Learn how important the honey bee's body structure is to survival in the hive. This lesson includes learning objectives, material and resource lists, background information, activities, reading selections, writing assignments, a game, assessments, and support documents. See the Educator's Guide for more video links and recommended readings.
Learn the importance of each and every job within the hive! This lesson includes learning objectives, material and resource lists, background information, activities, reading selections, writing assignments, a game, assessments, and support documents. See the Educator's Guide for more video links and recommended readings.
This unit on American Indians: By studying the regions of the United States and the cultures that live in each region, students are able to compare/contrast within regions and across regions how tribes used their environments, and their cultural and other contributions to American life.
Note that the emphasis here is on broader groups of tribes for each region with some instruction on specific tribes representing each region. In no way is this case study approach to learning about one tribe meant to be generalized to all tribes of that region. We understand that each tribe was and continues to be unique in its culture, practices, lifeways, and traditions.
The unit is focused on the examination of geography in terms of “place.” Students dive into inquiry to answer the compelling questions, “Where are we?” and “Who are we?” Through these two questions students will understand where they live and where people around the world live. Students will also dive into the term “culture” and define it through many characteristics. Students will examine and reflect upon their own culture and research different cultures of North America.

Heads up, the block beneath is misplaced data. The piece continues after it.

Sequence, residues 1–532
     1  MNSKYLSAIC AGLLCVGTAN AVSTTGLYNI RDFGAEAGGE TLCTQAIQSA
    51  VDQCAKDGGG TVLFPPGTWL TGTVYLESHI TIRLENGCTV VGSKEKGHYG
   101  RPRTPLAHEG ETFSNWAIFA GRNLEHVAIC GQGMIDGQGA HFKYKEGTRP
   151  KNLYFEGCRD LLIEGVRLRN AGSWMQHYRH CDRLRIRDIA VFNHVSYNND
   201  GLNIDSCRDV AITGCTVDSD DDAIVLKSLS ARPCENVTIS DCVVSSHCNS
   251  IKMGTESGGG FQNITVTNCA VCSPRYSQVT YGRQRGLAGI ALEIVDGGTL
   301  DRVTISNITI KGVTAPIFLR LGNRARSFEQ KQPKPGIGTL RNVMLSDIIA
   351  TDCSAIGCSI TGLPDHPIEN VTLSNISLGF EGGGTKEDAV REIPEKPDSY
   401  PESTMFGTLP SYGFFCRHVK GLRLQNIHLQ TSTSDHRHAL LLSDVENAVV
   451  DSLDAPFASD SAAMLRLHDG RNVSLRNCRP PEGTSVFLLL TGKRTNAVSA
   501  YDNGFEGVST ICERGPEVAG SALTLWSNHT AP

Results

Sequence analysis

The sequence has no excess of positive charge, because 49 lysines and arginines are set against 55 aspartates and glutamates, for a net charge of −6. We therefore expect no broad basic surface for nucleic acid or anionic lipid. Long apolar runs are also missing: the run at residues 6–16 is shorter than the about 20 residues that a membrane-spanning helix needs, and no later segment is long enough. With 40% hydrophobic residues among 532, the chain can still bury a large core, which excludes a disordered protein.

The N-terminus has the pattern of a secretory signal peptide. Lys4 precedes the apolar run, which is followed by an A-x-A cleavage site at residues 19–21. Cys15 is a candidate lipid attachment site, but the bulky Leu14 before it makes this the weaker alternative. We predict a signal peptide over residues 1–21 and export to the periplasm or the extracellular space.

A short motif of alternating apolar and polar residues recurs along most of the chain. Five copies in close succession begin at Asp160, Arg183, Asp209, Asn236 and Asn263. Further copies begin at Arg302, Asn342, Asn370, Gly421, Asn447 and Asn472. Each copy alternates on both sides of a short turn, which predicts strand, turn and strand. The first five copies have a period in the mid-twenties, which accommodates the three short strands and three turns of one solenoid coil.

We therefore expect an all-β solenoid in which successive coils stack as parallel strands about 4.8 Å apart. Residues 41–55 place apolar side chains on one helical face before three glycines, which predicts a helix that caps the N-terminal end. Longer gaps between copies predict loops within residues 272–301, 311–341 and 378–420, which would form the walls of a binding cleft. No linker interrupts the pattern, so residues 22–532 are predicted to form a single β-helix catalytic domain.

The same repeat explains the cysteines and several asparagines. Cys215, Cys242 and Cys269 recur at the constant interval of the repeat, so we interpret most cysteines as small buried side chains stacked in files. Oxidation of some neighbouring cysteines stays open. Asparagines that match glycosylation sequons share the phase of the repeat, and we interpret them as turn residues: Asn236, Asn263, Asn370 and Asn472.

Learn how honey bees manage their community through swarming. This lesson includes learning objectives, material and resource lists, background information, activities, reading selections, writing assignments, a game, assessments, and support documents. See the Educator's Guide for more video links and recommended readings.
Learn how honey is made and used. This lesson includes learning objectives, material and resource lists, background information, activities, reading selections, writing assignments, a game, assessments, and support documents. See the Educator's Guide for more video links and recommended readings.
This template was created to help plan lessons that support English Language Learners for the SPELL project.
Direct teaching of vocabulary can help improve comprehension only when taught in meaningful context. Through the use of technology, students can develop their academic vocabulary in an engaging and fun way.